SPHR researchers are working with schools and young people to understand the impact of anti-homophobic, biphobic and transphobic (HBT) bullying programmes on LGBT+ young people’s mental health in England.
In 2020, the Government Equalities Office withdrew funding of £4million for school programmes aimed at tackling HBT-bullying. This decision is likely to lead to negative consequences for LGBT+ young people.
Young people who identify as LGBT+ are more likely to face bullying and social rejection in education settings such as schools. As a result, they are likely to develop poor mental health compared to heterosexual peers. COVID-19 may cause additional concerns for LGBT+ young people as they may not be ‘out’ to their families or live with individuals who are unsupportive of LGBT+ identities.
A small body of international research has shown a direct link between LGBT+ anti-bullying projects and improvements in the mental health of young people who identify as LGBT+. However, this has not been explored in the UK.
Researchers from the School’s public mental health programme and the children, young people and families programme will work with schools to identify programmes with the potential to improve LGBT+ young people’s mental health in England.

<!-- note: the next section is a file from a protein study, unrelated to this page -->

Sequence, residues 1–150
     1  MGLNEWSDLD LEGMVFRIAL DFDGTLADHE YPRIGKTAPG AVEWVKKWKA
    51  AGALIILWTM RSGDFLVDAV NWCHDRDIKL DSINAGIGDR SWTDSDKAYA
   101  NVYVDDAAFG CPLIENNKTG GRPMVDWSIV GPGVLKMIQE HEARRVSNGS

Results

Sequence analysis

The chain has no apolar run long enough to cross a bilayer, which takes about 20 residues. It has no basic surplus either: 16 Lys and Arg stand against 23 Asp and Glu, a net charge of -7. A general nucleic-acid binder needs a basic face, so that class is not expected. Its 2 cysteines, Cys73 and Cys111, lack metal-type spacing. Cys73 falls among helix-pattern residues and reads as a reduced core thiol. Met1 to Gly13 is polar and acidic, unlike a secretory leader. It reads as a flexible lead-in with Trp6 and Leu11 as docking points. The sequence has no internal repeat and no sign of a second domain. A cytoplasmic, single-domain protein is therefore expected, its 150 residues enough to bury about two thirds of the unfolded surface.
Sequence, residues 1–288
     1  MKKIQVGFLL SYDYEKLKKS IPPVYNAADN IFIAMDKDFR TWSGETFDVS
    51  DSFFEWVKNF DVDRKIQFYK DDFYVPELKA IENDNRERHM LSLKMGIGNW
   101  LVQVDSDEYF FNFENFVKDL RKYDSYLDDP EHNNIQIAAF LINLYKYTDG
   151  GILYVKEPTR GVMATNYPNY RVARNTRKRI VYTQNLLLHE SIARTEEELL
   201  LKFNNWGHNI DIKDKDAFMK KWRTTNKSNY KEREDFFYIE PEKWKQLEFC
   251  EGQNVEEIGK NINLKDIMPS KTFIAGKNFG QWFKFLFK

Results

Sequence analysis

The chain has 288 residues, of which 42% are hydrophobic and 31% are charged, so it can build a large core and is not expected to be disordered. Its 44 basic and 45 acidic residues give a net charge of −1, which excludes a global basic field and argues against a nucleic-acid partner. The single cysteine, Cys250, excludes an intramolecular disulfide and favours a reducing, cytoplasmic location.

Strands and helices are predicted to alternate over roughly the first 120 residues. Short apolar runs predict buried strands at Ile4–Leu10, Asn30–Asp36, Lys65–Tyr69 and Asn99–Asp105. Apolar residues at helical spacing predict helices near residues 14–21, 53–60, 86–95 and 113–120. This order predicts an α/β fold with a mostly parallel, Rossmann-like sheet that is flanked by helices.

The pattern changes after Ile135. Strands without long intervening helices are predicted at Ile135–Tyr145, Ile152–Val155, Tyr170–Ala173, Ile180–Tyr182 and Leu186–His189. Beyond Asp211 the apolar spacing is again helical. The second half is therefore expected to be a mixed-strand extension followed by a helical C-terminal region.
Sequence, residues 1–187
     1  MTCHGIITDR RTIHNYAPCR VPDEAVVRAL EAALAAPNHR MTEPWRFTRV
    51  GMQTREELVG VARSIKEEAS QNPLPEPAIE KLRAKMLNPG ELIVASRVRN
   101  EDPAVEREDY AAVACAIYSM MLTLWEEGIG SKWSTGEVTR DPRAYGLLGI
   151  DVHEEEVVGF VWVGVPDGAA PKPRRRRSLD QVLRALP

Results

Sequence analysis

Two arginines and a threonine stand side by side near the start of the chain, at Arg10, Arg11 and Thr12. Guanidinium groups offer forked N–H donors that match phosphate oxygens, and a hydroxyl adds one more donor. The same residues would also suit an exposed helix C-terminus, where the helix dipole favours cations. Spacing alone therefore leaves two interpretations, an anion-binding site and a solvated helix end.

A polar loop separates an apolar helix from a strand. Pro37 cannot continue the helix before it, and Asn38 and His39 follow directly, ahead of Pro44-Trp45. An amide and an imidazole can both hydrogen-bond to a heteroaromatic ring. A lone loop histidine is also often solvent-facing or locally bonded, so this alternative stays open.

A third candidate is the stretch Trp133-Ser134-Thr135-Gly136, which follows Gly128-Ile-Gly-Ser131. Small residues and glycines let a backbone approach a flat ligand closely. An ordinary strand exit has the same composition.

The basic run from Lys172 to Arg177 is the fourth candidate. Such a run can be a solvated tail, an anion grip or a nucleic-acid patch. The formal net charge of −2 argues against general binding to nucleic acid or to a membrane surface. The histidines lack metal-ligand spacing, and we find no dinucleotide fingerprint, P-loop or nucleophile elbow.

The Creating LGBT+ Affirming School Environments (CLASS) research project is investigating the mental health impact on young people of anti-HBT bullying interventions in schools
The research team have identified a number of initiatives which may help to improve young people’s mental health including creating a supportive and inclusive school culture which affirms LGBT+ identities.
The research team now want to find examples of successfully delivered supportive LGBT+ programmes in schools, exploring who they work for, in what context and why.
To do this the team have started working with teachers, young people and practitioners to identify anti-homophobic, biphobic, and transphobic programmes and projects in schools and their impact on pupils’ mental health.
There is a clear need for addressing young LGBT+ people’s mental health given the current difficulties COVID-19 present across the UK. It is hoped the findings from this research project will help generate evidence and impact policy decisions to improve school culture for LGBT+ young people and provide an environment that promotes mental wellbeing in schools in the UK.
You can find out more about the CLASS research project here.
You can get in touch with the research team here.